City seeking feedback on bus route redesign to prepare for design of long-awaited bus transfer hub

photo by: Nick Krug/Journal-World File Photo

A Lawrence transit rider boards a bus on Thursday, Aug. 17, 2017, downtown at Seventh and Vermont streets.

The City of Lawrence is moving forward with plans to build a new bus-transfer hub, starting with a yearlong process to determine how bus routes should be restructured.

The city has previously allocated $4.5 million for the project, but the project was delayed because of years of debate about where to build the Multimodal Transfer Facility. The process to restructure the city’s bus routes will include a community survey about transportation needs and a consultant-led process to redesign the routes. The design of the bus hub, which will be built on Bob Billings Parkway, will then begin.

Lawrence Transit Director Adam Weigel said the route study must be completed first because it will affect design aspects of the bus hub, such as how many bus bays are needed. Weigel said the redesign would necessitate some route changes and could also be a chance to make some foundational changes to how routes are structured.

“So it’s a good opportunity for us to take a step back and say do we really want to keep doing things pretty much how we have been doing it, or do we want to think differently perhaps?” Weigel said.

The city currently uses a hub-and-spoke structure for its bus routes, meaning that the city operates various routes that often require a bus transfer at a specific transfer location, currently located in the downtown. Following two location studies, which included pushback from some neighborhoods, the Lawrence City Commission voted in May 2019 to locate the hub on university property at the intersection of Bob Billings Parkway and Crestline Drive.

Weigel said one of the bigger questions was whether the city wanted to continue with the hub-and-spoke model or use a grid model, or perhaps some combination. He said over the past five to 10 years there has been increasing use of the grid model, in which buses move up and down major streets and riders transfer at various locations. He said for a grid pattern to work well buses need to come frequently, every 15 minutes or faster. The hub-and-spoke model offers more routes between specific destinations, but with less frequency.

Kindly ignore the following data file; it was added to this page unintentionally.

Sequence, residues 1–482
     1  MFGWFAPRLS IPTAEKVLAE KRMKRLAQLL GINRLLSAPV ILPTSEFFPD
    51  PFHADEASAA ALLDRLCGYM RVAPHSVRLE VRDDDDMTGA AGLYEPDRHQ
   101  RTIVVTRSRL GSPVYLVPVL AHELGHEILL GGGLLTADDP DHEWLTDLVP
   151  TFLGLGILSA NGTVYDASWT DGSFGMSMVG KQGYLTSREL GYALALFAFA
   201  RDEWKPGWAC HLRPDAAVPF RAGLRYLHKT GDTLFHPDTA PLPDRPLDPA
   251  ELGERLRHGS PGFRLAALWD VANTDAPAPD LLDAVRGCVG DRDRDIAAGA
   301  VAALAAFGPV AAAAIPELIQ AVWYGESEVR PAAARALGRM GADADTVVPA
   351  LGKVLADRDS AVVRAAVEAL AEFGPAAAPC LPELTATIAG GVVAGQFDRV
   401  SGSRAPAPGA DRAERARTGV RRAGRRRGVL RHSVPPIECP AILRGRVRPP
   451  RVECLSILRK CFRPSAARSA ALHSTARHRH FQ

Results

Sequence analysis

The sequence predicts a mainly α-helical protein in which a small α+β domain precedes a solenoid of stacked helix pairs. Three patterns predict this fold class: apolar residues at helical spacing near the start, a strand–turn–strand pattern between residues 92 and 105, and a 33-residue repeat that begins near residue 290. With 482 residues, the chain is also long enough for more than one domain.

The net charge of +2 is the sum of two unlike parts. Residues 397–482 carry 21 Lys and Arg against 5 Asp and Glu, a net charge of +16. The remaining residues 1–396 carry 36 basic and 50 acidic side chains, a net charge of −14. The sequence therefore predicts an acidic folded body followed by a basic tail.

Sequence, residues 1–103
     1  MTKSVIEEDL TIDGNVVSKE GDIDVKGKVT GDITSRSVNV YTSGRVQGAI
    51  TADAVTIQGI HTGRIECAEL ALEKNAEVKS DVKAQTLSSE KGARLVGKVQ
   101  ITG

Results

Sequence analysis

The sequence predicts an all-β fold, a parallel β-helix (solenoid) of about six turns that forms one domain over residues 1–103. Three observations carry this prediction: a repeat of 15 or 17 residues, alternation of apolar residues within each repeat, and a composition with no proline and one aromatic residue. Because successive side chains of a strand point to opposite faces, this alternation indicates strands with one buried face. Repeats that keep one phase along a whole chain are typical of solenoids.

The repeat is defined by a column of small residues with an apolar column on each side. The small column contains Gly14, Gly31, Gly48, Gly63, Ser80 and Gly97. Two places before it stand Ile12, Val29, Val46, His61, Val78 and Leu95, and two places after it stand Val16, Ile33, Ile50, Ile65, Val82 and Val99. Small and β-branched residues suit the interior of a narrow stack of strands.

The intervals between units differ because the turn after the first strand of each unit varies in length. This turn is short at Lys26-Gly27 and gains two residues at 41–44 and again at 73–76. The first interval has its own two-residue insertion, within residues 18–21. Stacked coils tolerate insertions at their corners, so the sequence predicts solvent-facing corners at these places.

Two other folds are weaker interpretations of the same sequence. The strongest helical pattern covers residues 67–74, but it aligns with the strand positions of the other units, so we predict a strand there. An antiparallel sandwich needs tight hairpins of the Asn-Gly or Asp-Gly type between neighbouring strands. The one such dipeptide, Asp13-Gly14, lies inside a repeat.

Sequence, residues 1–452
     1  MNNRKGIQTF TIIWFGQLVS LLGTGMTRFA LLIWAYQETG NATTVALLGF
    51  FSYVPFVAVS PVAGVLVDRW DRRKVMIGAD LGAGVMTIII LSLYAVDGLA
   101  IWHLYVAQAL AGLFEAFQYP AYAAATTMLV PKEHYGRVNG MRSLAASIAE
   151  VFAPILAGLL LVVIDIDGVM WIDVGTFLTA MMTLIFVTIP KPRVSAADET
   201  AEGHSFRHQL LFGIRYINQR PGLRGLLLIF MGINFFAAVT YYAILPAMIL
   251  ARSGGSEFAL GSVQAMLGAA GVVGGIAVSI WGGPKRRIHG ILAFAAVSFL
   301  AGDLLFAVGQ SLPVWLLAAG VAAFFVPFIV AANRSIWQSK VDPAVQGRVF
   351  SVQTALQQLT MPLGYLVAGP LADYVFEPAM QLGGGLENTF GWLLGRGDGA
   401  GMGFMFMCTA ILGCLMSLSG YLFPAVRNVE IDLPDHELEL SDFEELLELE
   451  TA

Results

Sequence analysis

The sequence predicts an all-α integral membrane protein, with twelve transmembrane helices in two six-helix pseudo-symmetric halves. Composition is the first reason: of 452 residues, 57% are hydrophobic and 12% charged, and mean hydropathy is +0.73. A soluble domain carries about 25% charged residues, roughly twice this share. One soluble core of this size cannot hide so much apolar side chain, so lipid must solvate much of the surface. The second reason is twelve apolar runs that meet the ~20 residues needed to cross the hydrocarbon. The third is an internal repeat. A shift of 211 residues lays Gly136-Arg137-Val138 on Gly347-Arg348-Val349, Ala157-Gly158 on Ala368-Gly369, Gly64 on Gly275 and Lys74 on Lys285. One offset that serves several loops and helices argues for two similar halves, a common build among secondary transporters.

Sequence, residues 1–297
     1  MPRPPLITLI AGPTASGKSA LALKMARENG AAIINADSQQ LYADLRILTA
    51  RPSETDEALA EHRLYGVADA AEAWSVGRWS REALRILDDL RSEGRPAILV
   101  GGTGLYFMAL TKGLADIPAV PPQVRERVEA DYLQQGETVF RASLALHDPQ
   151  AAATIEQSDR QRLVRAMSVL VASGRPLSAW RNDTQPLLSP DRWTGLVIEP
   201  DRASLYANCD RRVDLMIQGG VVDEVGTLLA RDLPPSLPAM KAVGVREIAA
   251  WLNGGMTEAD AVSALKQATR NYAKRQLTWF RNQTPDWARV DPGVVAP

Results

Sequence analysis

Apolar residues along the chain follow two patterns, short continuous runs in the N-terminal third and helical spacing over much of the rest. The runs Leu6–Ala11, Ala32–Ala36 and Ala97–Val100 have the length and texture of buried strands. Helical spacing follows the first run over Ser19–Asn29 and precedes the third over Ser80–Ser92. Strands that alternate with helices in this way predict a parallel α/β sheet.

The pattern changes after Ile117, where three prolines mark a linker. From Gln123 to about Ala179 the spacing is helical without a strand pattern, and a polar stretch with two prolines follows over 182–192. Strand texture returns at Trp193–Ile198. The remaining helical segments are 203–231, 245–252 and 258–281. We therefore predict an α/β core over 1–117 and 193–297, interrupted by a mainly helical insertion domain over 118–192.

Routes will be studied for a year total, starting with a survey created by students in the KU Urban Planning department, which will lay the foundation for a consultant-led route redesign planning process in spring 2021, according to a news release from the city. The survey is available now through Oct. 4 and will gather feedback on transportation patterns and needs.

The survey asks residents to rank their top five destinations in Lawrence for both weekday and weekends; their most common reasons for taking trips; and the bus routes or services they use most often, among other questions. The survey also asks what three origins and destinations — for example downtown to Holcom Park — should public transit serve with direct route connections. The survey is available on the Lawrence Listens platform on the city’s website.

Weigel said the survey responses would be used to create some route concepts, which will be put out for public feedback in October or November. He said the consultant-led route redesign would begin in the spring and should conclude by summer 2021. The design and construction of the bus hub facility are expected to take place from summer 2021 to fall 2022.

Once complete, the bus hub will serve as the primary station for the coordinated bus service provided by the city and KU. The goal for the bus hub is for it to provide amenities for transit users, bus drivers, pedestrians and cyclists.


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